Jane Coffin Childs Memorial Fund Fellowship Award
Andrew Weems was recently selected as a Fellow of the Jane Coffin Childs Memorial Fund for Medical Research. One of the most prestigious fellowships available to postdoctoral biomedical researchers, the fund provides three years of support for the brightest young cancer researchers at a critical stage of career growth. Several past Fellows have gone on to become Nobel laureates in physiology, medicine and chemistry.
Andrew’s work is focused on how the relationship between cell shape and cancer cell signaling affects metastatic potential. Many metastatic melanoma cells are covered in large "blebs": balloon-shaped protrusions generated by a cell's internal pressure. When Andrew joined the Danuser lab in the Fall of 2017, his colleagues had recently begun to observe that “blebby” regions of these cells’ membranes were hotbeds of signaling activity for pathways important to cell survival, and that physically inhibiting bleb formation somehow disrupts this signaling activity.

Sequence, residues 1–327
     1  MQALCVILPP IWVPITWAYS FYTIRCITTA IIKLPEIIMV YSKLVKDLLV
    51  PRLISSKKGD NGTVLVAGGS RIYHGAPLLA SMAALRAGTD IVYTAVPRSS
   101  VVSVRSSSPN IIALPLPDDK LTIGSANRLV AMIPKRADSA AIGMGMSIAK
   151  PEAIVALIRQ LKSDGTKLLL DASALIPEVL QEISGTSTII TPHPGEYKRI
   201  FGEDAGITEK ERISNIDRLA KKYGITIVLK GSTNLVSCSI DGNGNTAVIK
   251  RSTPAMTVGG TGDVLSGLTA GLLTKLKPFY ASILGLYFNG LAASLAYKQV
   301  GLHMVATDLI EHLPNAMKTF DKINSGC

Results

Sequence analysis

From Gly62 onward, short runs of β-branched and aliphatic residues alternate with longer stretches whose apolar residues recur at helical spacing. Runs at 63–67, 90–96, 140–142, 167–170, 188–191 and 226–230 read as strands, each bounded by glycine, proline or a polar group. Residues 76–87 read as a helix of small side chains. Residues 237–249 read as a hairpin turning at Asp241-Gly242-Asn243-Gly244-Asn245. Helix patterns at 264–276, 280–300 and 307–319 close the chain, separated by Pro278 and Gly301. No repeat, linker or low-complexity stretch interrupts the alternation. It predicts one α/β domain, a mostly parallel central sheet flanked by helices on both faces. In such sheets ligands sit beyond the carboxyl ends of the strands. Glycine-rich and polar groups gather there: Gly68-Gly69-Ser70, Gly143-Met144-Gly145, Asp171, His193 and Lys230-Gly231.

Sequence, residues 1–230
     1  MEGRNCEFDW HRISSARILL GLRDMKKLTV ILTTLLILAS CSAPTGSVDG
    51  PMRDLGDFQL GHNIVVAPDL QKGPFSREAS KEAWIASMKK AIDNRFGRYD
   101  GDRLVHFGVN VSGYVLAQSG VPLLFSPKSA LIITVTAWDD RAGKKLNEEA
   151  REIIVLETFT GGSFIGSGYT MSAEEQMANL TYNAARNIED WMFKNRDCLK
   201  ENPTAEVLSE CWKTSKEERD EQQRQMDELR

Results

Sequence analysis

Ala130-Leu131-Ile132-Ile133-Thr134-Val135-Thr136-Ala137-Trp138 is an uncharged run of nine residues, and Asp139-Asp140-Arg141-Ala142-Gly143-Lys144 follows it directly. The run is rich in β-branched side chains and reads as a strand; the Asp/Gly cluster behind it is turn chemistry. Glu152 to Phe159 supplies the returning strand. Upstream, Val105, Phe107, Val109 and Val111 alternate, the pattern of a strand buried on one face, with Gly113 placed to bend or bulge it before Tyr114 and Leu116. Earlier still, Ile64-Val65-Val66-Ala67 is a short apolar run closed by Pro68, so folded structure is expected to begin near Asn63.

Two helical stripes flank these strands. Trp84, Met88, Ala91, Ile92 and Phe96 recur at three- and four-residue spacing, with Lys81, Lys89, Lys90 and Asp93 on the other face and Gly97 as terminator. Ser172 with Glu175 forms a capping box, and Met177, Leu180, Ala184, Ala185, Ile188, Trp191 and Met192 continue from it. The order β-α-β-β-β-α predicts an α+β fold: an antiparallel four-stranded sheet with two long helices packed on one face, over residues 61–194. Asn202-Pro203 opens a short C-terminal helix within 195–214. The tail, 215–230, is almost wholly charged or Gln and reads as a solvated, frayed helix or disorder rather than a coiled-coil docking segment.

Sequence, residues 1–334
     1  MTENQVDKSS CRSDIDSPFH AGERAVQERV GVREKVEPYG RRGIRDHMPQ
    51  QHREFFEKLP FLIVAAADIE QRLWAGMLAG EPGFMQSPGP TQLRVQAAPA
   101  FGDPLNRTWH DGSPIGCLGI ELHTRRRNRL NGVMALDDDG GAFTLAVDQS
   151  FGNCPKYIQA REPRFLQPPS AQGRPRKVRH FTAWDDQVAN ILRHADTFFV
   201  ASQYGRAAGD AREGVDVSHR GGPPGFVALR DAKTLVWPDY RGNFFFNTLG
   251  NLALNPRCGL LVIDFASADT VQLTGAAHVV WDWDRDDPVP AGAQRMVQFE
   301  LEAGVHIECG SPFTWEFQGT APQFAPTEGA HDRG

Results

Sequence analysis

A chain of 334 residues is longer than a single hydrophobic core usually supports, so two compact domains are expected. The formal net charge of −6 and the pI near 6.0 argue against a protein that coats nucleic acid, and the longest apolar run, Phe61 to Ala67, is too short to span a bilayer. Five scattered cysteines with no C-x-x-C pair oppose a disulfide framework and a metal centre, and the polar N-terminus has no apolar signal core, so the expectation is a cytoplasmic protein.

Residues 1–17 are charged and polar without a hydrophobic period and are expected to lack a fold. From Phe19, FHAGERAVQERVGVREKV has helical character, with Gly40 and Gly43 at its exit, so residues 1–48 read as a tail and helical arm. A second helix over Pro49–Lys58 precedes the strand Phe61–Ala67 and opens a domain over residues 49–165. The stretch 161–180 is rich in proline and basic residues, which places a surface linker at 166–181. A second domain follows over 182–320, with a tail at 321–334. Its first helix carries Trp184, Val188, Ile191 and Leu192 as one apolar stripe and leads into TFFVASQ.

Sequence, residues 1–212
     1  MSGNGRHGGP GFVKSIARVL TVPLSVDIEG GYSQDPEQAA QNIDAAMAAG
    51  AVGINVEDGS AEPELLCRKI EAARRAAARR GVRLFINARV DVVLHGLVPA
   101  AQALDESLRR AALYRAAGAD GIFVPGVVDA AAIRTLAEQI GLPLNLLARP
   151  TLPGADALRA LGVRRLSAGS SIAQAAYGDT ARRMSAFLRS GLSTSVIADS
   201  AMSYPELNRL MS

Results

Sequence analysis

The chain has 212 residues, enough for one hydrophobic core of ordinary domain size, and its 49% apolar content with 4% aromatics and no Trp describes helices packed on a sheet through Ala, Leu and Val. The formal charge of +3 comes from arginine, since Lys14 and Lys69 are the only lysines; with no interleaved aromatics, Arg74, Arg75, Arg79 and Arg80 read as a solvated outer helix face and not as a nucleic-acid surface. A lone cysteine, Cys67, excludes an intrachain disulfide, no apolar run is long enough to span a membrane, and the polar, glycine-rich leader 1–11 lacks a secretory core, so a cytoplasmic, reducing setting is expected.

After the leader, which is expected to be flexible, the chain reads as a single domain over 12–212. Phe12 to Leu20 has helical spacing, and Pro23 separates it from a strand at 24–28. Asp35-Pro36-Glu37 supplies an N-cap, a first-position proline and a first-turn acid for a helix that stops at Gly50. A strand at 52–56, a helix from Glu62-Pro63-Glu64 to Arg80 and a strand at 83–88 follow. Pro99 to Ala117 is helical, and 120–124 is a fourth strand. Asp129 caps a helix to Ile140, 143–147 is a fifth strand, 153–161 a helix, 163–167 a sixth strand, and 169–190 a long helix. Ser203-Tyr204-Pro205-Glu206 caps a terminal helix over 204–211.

Curious as to how blebbing might enable this signaling, Andrew discovered that a family of proteins capable of sensing the shape of blebby membranes might be orchestrating survival signaling in a bleb-dependent manner. Elucidating this relationship between cell shape and cell signaling may lead to specific, targeted cancer therapies capable of disrupting the metastatic process.